Set against pastel pink and purple skies, the Martian-looking vistas in Barbara Ciurej and Lindsay Lochman’s “Processed Views: Surveying the Industrial Landscape,” were actually made much closer to home. Made to resemble 19th century views by Carleton Watkins, Ciurej and Lochman’s images are constructed from materials at “the frontier of industrial food production: the seductive and alarming intersection of nature and technology,” as they write in a statement. “As we move further away from the sources of our food, we head into uncharted territory replete with unintended consequences for the environment and for our health.”
The connection to Watkins is fundamental to the project. Watkins photographed the still-pristine American West for companies interested in expanding there, making beautiful pictures that helped open the land to exploitation. “Many of Watkins’s photographs were commissioned by the corporate interests of the day; the Central Pacific Railroad, the Oregon Steam Navigation Company, North Bloomfield Mining and Gravel Company and other lumber and milling interests,” the pair said in a recent interview. In their own seductive images, hills of neon cake and fried pork skins, mountains of Bologna and white bread are beautiful to look at—and maybe delicious to eat—but ultimately poisonous. “‘Processed Views’ reflects our concern with current trends in consumption, ideas of progress and the changing geography of our country. All indications are that we are headed into an uncharted, unbalanced, unnatural territory. This terrain is garnished with unintended consequences for our health and for the environment. Why must we thoughtlessly degrade the soil by our technological-agricultural experiments? We must re-evaluate our man-made ‘utopias,'” they say.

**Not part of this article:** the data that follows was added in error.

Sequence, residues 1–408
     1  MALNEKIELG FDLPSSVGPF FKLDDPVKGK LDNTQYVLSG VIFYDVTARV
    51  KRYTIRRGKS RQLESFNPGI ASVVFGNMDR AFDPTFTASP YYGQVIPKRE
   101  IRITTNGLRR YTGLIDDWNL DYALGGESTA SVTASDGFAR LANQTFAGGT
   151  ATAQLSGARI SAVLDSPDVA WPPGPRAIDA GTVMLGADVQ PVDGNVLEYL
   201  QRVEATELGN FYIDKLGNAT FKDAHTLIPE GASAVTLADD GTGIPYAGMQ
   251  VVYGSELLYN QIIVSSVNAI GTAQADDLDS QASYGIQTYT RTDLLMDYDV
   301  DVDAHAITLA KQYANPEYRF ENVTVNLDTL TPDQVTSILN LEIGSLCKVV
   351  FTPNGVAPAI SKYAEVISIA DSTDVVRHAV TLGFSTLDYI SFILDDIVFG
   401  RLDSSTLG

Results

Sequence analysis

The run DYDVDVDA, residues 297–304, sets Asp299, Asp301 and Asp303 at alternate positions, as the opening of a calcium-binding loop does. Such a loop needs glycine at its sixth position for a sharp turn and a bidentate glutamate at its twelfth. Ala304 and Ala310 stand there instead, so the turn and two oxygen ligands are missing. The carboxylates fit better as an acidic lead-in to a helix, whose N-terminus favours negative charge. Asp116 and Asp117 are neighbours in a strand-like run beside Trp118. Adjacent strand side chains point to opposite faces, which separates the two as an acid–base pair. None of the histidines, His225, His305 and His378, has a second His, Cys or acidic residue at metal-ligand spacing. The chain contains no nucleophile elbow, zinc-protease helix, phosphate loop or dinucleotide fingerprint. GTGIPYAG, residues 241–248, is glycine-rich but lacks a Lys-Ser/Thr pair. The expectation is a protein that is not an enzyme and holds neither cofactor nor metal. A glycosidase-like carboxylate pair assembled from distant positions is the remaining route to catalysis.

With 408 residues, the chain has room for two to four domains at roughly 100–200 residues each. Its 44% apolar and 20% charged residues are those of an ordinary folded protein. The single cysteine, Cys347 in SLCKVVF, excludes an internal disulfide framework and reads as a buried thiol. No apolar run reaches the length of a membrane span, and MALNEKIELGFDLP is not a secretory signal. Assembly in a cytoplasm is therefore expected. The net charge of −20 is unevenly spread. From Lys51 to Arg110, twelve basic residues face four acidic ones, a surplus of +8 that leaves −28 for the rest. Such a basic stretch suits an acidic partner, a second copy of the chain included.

The pair, who met while students at the Institute of Design in Chicago in the late 1970s and have worked together since, have found a wide audience with the series, which has been featured in a number of publications and blogs since it debuted in 2014. The images are now on view in person until January 30 at Martine Chaisson Gallery Gallery in New Orleans.
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